The best bit – sit calmly until mum says go, chase the lure, catch it, tuggy, kill it then start all over.

gimme, gimme – lets play NOW!!!






And finally a workout on the gym ball. Check out Biggles – balancing without any help from me!





Happy pups!


Taming the Ferociraptor

Pheeewwww….things are starting to ease down a bit!

For anyone that hasn’t been following the saga, out of the blue Beanie (aka Ferociraptor) started attacking her brother. Behaviorist Heather Smith prescribed a NILIF regime for a couple of weeks. The dogs seem to be loving it (not sure if they’re supposed to), but it’s hard work for us! So far so good though. And certainly lots of added benefits from a behavior point of view.

Heather also showed us a game to teach the dogs self-control. Basically a frenzied game of tuggy then take the toy away and put the dog into a sit until it’s calm. Once calm the game can start again. The idea is the dog learns how to rapidly switch from a highly aroused state. Over time the game will become more and more exciting so the dog gradually learns to calm down from an increasing level of excitement.

This game is just what we needed to solve other problems too. We do canicross with the dogs. The idea is that they wear a pulling harness and run attached to us via a bungee line. Beanie and Biggles are both wonderful at it but the problem is they’re a bit too keen. They’ve gradually got more and more excited by it and are desperate to pull. It’d be fine if they were Huskies but their canine physio advised us to keep it in moderation as Beagles aren’t bred to pull. It’s good for them to do a little bit so we don’t want to stop it altogether. We’re working on putting pulling on command so we can control exactly how much pulling effort they put in. But the first step is to teach them to quickly switch out of hunt mode when required. The game will not only help with self-control, but the tuggy will work the opposite muscle groups to those used in canicross helping to keep their joints balanced and healthy.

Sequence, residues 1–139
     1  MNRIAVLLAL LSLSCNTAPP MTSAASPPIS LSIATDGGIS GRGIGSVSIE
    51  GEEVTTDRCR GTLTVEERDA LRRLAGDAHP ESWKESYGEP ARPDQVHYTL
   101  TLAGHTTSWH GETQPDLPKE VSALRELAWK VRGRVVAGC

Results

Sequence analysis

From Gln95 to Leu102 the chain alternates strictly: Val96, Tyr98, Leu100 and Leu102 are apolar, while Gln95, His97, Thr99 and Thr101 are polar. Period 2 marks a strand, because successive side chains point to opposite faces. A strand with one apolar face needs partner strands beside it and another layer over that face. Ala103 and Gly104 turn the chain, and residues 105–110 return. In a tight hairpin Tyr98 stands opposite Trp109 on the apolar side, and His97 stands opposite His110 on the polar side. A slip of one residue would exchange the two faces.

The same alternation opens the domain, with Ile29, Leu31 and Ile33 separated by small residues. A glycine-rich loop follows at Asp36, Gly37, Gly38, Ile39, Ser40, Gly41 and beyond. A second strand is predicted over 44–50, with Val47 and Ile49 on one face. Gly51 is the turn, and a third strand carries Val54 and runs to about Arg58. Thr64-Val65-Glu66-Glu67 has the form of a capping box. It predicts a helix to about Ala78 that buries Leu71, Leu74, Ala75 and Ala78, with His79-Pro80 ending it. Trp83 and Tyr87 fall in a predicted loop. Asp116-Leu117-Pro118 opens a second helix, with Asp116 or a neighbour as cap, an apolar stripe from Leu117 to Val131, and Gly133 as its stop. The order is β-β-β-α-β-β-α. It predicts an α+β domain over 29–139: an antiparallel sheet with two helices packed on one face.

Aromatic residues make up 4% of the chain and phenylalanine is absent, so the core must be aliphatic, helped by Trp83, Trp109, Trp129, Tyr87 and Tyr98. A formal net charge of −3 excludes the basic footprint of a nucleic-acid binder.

The above video shows Beanie playing the tuggy game. We start out with the toy attached to a lunge line to increase the excitement – chase, catch, kill. Eventually we hope the game will get them to the level of excitement that we get on a hunt (they go into ‘hunt mode’ during canicross runs) and then we can practice calming down from that. There’s also a clip of Biggles demonstrating his balance ball work – some little routines on a gym ball to work their core and stabiliser muscles. It might look easy but watch Biggles legs shaking after just a few moments. It’s really working the core. He’s mostly balancing the ball himself – I’m just helping a little. Great conditioning to keep them safe in their doggy sports!

You’ll notice the horses in the background. Heather advised us not to let Beanie and Biggles play together off-lead for a couple of weeks. They’re clearly missing their chases. When Beanie went out into the garden the horses were galloping around the field having a fabulous time. She ran around the garden turning when they turned and moving in perfect harmony with them.